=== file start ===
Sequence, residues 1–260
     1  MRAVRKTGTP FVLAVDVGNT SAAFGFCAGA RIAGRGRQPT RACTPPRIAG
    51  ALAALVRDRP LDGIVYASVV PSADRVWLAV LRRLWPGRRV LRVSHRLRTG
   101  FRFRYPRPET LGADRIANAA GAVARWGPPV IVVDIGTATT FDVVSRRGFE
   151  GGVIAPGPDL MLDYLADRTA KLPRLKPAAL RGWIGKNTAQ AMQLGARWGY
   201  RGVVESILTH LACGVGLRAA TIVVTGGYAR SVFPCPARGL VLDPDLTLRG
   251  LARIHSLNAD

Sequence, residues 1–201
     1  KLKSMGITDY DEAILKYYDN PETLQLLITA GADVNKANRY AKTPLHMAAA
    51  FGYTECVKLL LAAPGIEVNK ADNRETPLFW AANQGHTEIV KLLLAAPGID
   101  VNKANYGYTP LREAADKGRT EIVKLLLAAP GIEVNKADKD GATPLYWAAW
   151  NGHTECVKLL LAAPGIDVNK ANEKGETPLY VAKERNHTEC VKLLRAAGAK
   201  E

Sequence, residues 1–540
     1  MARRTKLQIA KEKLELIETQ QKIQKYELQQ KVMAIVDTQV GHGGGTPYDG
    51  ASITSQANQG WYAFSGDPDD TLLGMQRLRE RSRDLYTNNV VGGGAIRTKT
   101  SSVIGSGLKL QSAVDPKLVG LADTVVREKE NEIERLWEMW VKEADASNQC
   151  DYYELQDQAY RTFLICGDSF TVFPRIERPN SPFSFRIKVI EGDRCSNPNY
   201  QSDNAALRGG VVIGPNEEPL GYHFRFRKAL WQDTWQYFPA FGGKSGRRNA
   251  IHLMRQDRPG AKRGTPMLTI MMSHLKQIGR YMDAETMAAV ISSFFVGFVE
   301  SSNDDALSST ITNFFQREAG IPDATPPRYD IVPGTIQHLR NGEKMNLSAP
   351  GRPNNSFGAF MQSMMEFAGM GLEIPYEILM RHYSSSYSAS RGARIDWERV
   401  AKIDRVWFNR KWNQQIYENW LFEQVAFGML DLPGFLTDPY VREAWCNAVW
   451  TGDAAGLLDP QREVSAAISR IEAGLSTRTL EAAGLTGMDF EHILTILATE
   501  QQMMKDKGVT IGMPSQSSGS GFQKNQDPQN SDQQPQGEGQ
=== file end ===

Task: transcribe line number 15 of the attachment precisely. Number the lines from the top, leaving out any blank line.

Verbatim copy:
     1  MARRTKLQIA KEKLELIETQ QKIQKYELQQ KVMAIVDTQV GHGGGTPYDG